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Effective STL: 50 Specific Ways to Improve the Use of the Standard Template Library (Addison-Wesley Professional Computing) [Englisch] [Taschenbuch]

Scott Meyers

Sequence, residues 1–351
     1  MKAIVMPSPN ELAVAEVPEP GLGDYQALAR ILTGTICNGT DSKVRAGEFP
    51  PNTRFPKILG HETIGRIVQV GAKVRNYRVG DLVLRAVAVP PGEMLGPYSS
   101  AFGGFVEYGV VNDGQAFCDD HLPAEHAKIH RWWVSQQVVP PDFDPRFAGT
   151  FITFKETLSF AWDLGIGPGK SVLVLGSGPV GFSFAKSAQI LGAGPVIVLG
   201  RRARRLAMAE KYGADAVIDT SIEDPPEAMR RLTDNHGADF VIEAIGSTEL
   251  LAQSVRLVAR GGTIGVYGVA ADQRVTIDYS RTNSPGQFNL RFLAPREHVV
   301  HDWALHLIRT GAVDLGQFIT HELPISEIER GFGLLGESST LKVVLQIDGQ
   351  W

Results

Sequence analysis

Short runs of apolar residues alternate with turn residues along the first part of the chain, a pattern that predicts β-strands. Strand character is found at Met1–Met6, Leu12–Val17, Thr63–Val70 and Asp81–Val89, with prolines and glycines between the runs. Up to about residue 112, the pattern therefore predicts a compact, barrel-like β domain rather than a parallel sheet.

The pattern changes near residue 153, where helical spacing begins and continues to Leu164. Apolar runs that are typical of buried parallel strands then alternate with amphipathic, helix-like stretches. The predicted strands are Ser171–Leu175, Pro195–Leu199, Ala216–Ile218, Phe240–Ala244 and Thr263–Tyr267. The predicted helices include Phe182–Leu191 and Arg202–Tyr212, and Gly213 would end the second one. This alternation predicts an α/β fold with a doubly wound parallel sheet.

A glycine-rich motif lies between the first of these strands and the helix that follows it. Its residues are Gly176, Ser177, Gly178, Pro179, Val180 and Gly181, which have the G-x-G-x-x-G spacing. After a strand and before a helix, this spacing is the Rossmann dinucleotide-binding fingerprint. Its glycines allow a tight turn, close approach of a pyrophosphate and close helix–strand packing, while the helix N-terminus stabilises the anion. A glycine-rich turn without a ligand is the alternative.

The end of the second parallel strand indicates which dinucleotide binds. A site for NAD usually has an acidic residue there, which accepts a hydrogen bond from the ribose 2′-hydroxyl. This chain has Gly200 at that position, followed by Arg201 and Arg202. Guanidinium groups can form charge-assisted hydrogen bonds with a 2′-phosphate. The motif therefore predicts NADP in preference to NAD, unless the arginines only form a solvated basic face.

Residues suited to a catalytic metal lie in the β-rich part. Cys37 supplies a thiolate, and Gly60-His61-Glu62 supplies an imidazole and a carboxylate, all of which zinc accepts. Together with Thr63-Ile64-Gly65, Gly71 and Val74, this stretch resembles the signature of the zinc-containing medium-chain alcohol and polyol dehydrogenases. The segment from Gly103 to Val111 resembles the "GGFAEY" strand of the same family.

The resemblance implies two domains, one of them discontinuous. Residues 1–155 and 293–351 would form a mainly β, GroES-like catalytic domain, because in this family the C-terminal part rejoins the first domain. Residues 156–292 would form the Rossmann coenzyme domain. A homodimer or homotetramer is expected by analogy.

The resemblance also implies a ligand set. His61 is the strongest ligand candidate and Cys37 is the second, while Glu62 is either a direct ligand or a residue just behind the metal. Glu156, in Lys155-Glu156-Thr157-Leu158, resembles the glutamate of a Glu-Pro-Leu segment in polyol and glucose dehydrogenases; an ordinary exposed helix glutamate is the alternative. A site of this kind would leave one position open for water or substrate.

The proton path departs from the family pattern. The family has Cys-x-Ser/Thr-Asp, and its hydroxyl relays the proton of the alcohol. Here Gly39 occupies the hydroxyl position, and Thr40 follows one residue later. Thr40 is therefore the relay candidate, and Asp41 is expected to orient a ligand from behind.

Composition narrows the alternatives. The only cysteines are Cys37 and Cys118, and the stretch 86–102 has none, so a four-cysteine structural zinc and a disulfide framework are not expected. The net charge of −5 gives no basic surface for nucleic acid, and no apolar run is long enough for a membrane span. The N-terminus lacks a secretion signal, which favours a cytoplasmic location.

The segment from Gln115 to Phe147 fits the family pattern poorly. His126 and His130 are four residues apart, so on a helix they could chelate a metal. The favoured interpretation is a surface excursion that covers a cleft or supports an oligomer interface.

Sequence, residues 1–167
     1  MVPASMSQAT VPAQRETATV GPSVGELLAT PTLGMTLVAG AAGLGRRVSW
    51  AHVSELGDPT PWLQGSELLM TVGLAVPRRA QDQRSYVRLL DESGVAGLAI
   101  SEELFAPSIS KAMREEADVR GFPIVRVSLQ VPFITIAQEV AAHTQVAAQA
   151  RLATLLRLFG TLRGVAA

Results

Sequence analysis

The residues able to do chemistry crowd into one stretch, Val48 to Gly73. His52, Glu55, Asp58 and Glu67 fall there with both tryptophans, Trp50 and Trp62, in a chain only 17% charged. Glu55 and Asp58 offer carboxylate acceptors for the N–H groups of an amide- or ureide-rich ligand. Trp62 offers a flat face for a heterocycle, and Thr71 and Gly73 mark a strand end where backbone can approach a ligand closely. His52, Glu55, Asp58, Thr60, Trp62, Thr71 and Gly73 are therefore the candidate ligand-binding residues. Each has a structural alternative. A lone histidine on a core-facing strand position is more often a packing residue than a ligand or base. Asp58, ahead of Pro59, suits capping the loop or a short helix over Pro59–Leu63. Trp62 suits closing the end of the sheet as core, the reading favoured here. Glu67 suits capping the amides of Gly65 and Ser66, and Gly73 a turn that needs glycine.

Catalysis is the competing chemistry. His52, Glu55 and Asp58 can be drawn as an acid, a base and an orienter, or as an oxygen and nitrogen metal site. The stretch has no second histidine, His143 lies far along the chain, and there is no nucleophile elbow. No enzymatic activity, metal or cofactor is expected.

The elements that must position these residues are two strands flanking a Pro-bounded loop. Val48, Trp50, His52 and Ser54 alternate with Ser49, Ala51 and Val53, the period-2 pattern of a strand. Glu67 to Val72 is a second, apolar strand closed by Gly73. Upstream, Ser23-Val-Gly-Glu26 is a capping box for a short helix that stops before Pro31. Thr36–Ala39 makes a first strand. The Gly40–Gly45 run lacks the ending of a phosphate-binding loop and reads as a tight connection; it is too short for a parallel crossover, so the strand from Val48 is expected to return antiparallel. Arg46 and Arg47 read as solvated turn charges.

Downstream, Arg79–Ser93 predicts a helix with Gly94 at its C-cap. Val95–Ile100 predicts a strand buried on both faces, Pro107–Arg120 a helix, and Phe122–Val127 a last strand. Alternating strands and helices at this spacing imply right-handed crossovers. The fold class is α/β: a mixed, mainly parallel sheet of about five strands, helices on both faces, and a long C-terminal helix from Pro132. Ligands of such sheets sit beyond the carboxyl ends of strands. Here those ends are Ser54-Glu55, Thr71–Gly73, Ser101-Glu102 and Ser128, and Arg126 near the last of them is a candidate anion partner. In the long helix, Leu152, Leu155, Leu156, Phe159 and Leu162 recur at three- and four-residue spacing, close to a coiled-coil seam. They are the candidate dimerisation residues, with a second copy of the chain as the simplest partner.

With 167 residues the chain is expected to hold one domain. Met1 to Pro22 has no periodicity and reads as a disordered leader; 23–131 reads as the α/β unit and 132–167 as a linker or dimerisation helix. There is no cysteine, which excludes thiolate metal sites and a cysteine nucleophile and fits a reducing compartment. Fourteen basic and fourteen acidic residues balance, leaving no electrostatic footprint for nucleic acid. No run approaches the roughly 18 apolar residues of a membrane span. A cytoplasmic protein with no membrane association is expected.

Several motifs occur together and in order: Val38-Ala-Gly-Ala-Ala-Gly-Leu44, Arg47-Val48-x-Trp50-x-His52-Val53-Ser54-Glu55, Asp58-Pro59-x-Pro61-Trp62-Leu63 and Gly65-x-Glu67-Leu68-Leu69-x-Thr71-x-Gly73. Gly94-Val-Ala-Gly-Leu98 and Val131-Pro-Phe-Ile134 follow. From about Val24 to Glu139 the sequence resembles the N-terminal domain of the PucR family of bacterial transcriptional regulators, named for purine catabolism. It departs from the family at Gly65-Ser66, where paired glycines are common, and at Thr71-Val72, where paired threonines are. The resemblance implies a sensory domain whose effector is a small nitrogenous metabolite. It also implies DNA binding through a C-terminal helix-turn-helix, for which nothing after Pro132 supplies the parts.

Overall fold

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Preface xiAcknowledgments xvIntroduction 1Chapter 1: Containers 11 Item 1: Choose your containers with care. 11 Item 2: Beware the illusion of container-independent code. 15 Item 3: Make copying cheap and correct for objects in containers. 20 Item 4: Call empty instead of checking size() against zero. 23 Item 5: Prefer range member functions to their single-element counterparts. 24 Item 6: Be alert for C++'s most vexing parse. 33 Item 7: When using containers of newed pointers, remember to delete the pointers before the container is destroyed. 36 Item 8: Never create containers of auto_ptrs. 40 Item 9: Choose carefully among erasing options. 43 Item 10: Be aware of allocator conventions and restrictions. 48 Item 11: Understand the legitimate uses of custom allocators. 54 Item 12: Have realistic expectations about the thread safety of STL containers. 58 Chapter 2: vector and string 63 Item 13: Prefer vector and string to dynamically allocated arrays. 63 Item 14: Use reserve to avoid unnecessary reallocations. 66 Item 15: Be aware of variations in string implementations. 68 Item 16: Know how to pass vector and string data to legacy APIs. 74 Item 17: Use "the swap trick" to trim excess capacity. 77 Item 18: Avoid using vector. 79 Chapter 3: Associative Containers 83 Item 19: Understand the difference between equality and equivalence. 83 Item 20: Specify comparison types for associative containers of pointers. 88 Item 21: Always have comparison functions return false for equal values. 92 Item 22: Avoid in-place key modification in set and multiset. 95 Item 23: Consider replacing associative containers with sorted vectors. 100 Item 24: Choose carefully between map::operator[] and map::insert when efficiency is important. 106 Item 25: Familiarize yourself with the nonstandard hashed containers. 111 Chapter 4: Iterators 116 Item 26: Prefer iterator to const_iterator, reverse_iterator, and const_reverse_iterator. 116 Item 27: Use distance and advance to convert const_iterators to iterators. 120 Item 28: Understand how to use a reverse_iterator's base iterator. 123 Item 29: Consider istreambuf_iterators for character by character input. 126 Chapter 5: Algorithms 128 Item 30: Make sure destination ranges are big enough. 129 Item 31: Know your sorting options. 133 Item 32: Follow remove-like algorithms by erase if you really want to remove something. 139 Item 33: Be wary of remove-like algorithms on containers of pointers. 143 Item 34: Note which algorithms expect sorted ranges. 146 Item 35: Implement simple case-insensitive string comparisons via mismatch or lexicographical_compare. 150 Item 36: Understand the proper implementation of copy_if. 154 Item 37: Use accumulate or for_each to summarize ranges. 156 Chapter 6: Functors, Functor Classes, Functions, etc. 162 Item 38: Design functor classes for pass-by-value. 162 Item 39: Make predicates pure functions. 166 Item 40: Make functor classes adaptable. 169 Item 41: Understand the reasons for ptr_fun, mem_fun, and mem_fun_ref. 173 Item 42: Make sure less means operator<. 177 Chapter 7: Programming with the STL 181 Item 43: Prefer algorithm calls to hand-written loops. 181 Item 44: Prefer member functions to algorithms with the same names. 190 Item 45: Distinguish among count, find, binary_search, lower_bound, upper_bound, and equal_range. 192 Item 46: Consider function objects instead of functions as algorithm parameters. 201 Item 47: Avoid producing write-only code. 206 Item 48: Always #include the proper headers. 209 Item 49: Learn to decipher STL-related compiler diagnostics. 210 Item 50: Familiarize yourself with STL-related web sites. 217 Bibliography 225Appendix A: Locales and Case-Insensitive String Comparisons 229Appendix B: Remarks on Microsoft's STL Platforms 239Index 245

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